The Pharaoh Hound is perhaps the oldest breed of domesticated dog in the world. They can be traced, as a breed, back to the early years of the Egyptian culture. It is estimated that this dog existed as a defined and distinctive type by 3000 to 4000 B.C. Carvings, drawings and sculptures as well as records clearly show a dog that is identical to the modern Pharaoh Hound within tombs and burial areas within Egypt, clearly indicating these dogs were not only present but valued by the various royalty and individuals of the time.
The Pharaoh Hound, as with any dog, was a working dog as well as a companion pet in early Egyptian times. These smaller sized, sleek and extremely athletic dogs were used for hunting small game, typically rabbits and hares. The Pharaoh Hound was prized for its ability to literally run down these fast prey animals, plus they could and still can jump and leap incredible distances while hunting.
From its early origins in Egypt the Pharaoh Hound was transported to the islands of Malta and Gozo. The dogs were still used as hunting hounds, typically used for rabbit hunting, but were also still considered to be outstanding companion pets. In the Mediterranean Islands the Pharaoh Hound was kept separate from many outbreeding situations and the breed itself largely remained free from any outside bloodlines or other breeds. The Pharaoh Hound did also, of course, help establish other local breeds of dogs, most which are now extinct or are distinctly different from the Pharaoh Hound.
In addition to being a hunting dog in the Mediterranean area, they were and are also used in a type of flock guardian role for goats and sheep. Not a true herding dog and not a typical working type of dog, the Pharaoh Hound still will act as a watchdog, barking to alert shepherds to the presence of predator animals. Some Pharaoh Hound may be more aggressive and may even chase and track smaller predator animals. Like some of the hounds, the Pharaoh Hound may also be a good retriever and can also be trained to work as a bird hunting dog, flushing out upland game birds.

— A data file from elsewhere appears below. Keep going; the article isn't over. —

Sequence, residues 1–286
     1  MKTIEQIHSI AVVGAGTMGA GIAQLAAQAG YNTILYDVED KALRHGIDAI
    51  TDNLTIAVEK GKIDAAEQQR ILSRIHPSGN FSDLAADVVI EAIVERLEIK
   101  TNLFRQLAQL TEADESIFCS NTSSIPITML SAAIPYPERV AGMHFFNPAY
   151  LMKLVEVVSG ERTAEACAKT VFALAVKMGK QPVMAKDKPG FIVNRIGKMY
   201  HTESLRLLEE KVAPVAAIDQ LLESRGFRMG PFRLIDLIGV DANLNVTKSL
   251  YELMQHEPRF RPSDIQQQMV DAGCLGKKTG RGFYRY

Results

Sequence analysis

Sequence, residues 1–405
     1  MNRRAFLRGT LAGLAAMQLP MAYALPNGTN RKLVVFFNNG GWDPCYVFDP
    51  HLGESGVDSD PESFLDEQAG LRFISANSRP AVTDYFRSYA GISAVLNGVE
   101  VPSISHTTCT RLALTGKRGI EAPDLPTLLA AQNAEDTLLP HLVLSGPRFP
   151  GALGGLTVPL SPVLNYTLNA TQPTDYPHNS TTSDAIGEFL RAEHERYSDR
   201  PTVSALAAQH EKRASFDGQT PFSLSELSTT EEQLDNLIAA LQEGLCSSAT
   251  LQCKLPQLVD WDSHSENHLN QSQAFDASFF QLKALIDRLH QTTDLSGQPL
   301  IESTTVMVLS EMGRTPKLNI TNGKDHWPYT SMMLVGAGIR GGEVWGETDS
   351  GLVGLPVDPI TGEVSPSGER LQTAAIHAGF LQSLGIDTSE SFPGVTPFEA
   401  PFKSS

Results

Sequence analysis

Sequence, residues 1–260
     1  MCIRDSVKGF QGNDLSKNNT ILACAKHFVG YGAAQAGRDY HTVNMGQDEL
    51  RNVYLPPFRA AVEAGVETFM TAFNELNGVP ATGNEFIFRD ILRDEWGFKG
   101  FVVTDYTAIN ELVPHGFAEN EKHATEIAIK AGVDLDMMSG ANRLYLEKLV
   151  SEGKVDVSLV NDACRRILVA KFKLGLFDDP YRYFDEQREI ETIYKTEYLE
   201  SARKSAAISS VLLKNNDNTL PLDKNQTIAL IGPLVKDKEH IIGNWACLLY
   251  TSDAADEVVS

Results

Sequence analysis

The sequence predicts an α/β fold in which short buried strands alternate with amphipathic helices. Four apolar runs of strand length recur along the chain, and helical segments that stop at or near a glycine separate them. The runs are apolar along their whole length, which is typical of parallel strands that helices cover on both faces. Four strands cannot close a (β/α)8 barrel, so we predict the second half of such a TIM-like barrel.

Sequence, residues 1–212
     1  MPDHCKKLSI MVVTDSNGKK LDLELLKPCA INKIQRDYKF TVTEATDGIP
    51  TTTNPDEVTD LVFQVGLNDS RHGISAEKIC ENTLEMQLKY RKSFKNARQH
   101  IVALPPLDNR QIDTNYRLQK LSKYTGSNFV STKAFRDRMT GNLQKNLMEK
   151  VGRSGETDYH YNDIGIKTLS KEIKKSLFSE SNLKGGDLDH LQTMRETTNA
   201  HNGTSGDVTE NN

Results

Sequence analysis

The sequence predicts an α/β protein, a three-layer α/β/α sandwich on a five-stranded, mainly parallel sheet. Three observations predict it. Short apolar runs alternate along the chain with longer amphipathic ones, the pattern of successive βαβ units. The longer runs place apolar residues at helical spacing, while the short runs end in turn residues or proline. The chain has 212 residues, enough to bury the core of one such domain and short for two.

The Pharaoh Hound, like the Ibizan Hound, hunts using both scent and sights. Their primary mode of hunting is with sight, and they do chase smaller prey that they see moving. However, the Pharaoh Hound can also be used to scent game as a hunting method. They are considered a hot nosed dog as opposed to a cold nosed dog which means that they are good at tracking fresh trails but may not be as effective on older scents. In addition to both sight and scent, the Pharaoh Hound can also hunt by sound. They will listen for rustling and movement in the brush or long grass, then leap or run to the sound, using sight and scent to then track the smaller game from their cover.
The breed largely remained on the island of Malta until the early part of the 1960's. At this time breeders in the United Kingdom imported Pharaoh Hounds that were used typically as show dogs, establishing the breed outside of the homeland of the dog. Very shortly after the Pharaoh Hound was also brought to the United States, Canada and Australia. The American Kennel Club first accepted the Pharaoh Hound as a recognized breed in 1983.
The modern Pharaoh Hound maintains all the instincts of their ancestors but they also have readily made the adjustment as a companion pet and show dog. They can compete in agility and obedience work and can be great at Flyball and even Frisbee types of competitions, although the relative rarity of the breed doesn't make them common in many of these events. The running and athletic ability of the Pharaoh Hound also makes them terrific as lure coursing and racing dogs and they are seen in these types of specialized competitions.
The Pharaoh Hound is a good family pet, although they often do best with slightly older, active children. With proper socialization with younger children the Pharaoh Hound can be a terrific companion since they are receptive to listening to children and recognizing them as a leader. Often used as a single dog in hunting, the Pharaoh Hound doesn't need to have other dog companions but really will adjust very well to living with other dogs in the family. They can do well with cats in the household provided they are raised from puppies with the cats, however most Pharaoh Hounds will not accept stray cats and will chase felines and other animals.
Like most sight hounds the Pharaoh Hound is a notorious chaser and will need to be kept on a leash or inside a secure, tall fence. Also like the Ibizan and similar types of hounds the Pharaoh Hound can also jump incredibly high from a standing position. This means that these dogs can often jump out of fences that owners assume are high enough to securely contain the dogs.
The short coat of the Pharaoh Hound means they are not suitable for outside life, especially in any colder or wet climates. They are not a kennel dog and need to be inside the house and feel that they are a member of the family to be truly happy and well adjusted. A breed that has been a companion dog for thousands of years they do not like to be left along for long periods of time, however they are also typically good as stay at home dogs for working families. This is only acceptable if the individuals in the family spend lots of time with the dog when they are home.
One unique characteristic of the Pharaoh Hound is that they do blush when they are excited and happy. The ears and the nose turns almost a rosy red color from the natural flesh to brownish color of the nose and ears when the dog is calm. Very healthy normally, the Pharaoh Hound will have a normal lifespan of approximately 14 years and is not prone to any significant genetic health concerns.
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